Contrary to popular opinion, producer Siddharth Roy Kapur believes stars and big-budget spectacles don't necessarily award a film the status of a "cinematic experience".
At a time when star-studded magnum opuses like "RRR" and "Brahmastra Part One: Shiva" are reigning at the box office, concerns around the viability of the small or middle-budget films are obvious.
"It's a bit more complex than that. Audiences will come to theatres for experiences that are cinematic. That doesn't necessarily mean stars and spectacles only. It could also mean films that make the theatrical experience magical in some way," Roy Kapur told PTI in an interview.
It can be a horror thriller or a slapstick comedy that can "move" the audience or create a "magical" atmosphere in a cinema hall, a community experience which can't be matched by home viewing, the producer said.
"You have genres like horror, which people enjoy watching in a darkened auditorium. There are also some high-concept movies and slapstick comedies that people enjoy watching together because the laughter feeds off each other even if there are no big stars.
"Films that move you, make you feel deeply, you want to experience them on the screen. They might be harder to bring people in for because they don't have all the trappings of regular commercial cinema," he added.
According to Roy Kapur, it will take the audience some time to redevelop an appetite to watch films in theatres after getting used to consuming content at home on television and streaming platforms in the past three years. "But we are already seeing it, people are coming back. The theatrical experience is not one that can be easily replicated at home. There will be space for all kinds of films, that is my hope," he added.
The 48-year-old filmmaker, who has backed movies across genres and budgets like "DevD", "The Lunchbox", "Dangal" and "The Sky Is Pink", is currently looking forward to the release of his next production "Chhello Show" ("Last Film Show"), India's official Oscars entry.
Directed by Pan Nalin, "Chhello Show" is inspired by the director's own memories of falling in love with movies as a child in rural Gujarat. Set at the cusp of the digital revolution, the Gujarati-language movie is slated to be released in India on Friday.
Roy Kapur said he decided to support the film as it made him "feel so many emotions".
"Producer Dheer Momaya and Pan Nalin brought the film to me once it was shot and they wanted someone to present it and to co-produce it along with them and take it to the next level.
"They showed the rough cut of the film to me and I fell in love with it. I laughed, I cried, I was mesmerised by its beauty and humour. That's how I came on board."
"Chhello Show", the producer said, spoke to him for its childlike wonder that one feels the first time they watch a film in a cinema hall.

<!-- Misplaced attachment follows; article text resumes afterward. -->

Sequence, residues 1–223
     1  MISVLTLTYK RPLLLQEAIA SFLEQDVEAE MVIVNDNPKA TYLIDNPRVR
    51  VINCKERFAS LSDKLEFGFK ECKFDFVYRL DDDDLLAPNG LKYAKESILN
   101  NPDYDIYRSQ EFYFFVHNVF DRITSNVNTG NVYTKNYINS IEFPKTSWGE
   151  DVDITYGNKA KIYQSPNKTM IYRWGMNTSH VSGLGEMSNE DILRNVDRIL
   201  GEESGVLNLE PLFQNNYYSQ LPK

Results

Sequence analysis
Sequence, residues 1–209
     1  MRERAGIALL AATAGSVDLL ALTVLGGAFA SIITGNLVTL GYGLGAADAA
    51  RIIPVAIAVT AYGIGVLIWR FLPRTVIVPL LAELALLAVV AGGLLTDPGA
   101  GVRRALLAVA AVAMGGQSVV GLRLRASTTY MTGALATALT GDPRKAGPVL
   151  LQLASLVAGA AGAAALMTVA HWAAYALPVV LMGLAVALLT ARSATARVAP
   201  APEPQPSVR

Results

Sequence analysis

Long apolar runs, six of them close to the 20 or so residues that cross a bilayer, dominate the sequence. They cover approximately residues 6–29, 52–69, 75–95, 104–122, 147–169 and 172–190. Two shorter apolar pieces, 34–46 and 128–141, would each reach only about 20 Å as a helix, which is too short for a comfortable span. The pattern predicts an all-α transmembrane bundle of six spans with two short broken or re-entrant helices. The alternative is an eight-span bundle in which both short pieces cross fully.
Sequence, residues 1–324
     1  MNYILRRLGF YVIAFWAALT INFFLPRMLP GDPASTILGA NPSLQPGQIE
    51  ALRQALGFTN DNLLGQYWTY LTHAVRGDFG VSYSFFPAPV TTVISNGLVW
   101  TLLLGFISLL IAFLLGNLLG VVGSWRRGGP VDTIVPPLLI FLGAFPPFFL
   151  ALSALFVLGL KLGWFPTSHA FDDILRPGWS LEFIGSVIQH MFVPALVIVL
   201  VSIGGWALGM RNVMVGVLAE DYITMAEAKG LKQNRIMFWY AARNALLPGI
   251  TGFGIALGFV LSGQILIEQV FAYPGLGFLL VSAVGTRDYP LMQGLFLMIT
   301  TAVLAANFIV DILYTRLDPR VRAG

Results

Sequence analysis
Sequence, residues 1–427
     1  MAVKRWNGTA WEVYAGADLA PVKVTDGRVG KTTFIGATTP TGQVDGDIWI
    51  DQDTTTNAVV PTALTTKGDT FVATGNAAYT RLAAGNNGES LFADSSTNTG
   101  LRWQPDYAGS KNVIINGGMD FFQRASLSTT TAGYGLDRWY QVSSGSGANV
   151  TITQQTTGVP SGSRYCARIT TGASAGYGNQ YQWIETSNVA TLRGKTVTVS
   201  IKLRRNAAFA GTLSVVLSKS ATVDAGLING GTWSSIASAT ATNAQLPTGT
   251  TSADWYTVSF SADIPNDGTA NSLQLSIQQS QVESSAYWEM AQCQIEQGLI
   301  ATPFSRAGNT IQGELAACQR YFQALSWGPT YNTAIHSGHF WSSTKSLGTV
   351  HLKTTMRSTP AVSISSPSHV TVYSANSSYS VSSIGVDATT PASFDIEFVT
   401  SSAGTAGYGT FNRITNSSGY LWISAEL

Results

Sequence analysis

"Nalin managed to do that so beautifully and also say a little bit about nostalgia and the rite of passage that we all have to go through. The world can be hard and we all have to learn to live with that but still hold on to our innocence. That's what got me hooked," he added.
As more and more films go down the digital route, the beauty of the gone-by analogue era is another aspect "Chhello Show" focuses on, said Roy Kapur.
"On one side, it is important to embrace technology and the fact that there are strides being made in the world with regard to new ways of storytelling. The ability for us to be able to use so many technologies to enhance the way that we tell stories... To make it more efficient, immersive, etc.
"At the same time, 'Last Film Show' harks us back to a time when there was a certain beauty in the analogue as well. We have gone the digital route now. But the touch and feel of the film prints, the experience of those cans of films being transported from one place to the other to be shown at an auditorium... there is a romanticism to it," he said.
The selection of "Chhello Show" by the Film Federation of India (FFI) last month to represent India at the 95th Academy Awards in the best international feature film category was marred by controversy.
Besides being chosen over obvious titles like "RRR" or "The Kashmir Files", the movie has also courted allegations of plagiarism. The Indian Film & Television Directors' Association (IFTDA) and the Federation of Western India Cine Employees (FWICE) have labelled it as a rip-off of the 1988 Oscar-winning Italian-French film "Cinema Paradiso".
Commenting on the Oscar row, Roy Kapur said there will always be a debate whenever one film has to be selected over others.
"We just feel privileged and honoured to have been selected by the jury to represent India at the Academy Awards. Not just in India but in every country around the world, there are a lot of debates and discussions around which film finally gets selected because cinema is such a subjective medium," he said.
Going forward, the producer said the focus is on getting as many members of the Academy to watch the film as possible.
"The film has to speak for itself. No amount of so-called lobbying or campaigning will be as effective as actually getting the Academy members to watch your film. We hope to put our best foot forward at the Oscars," he added.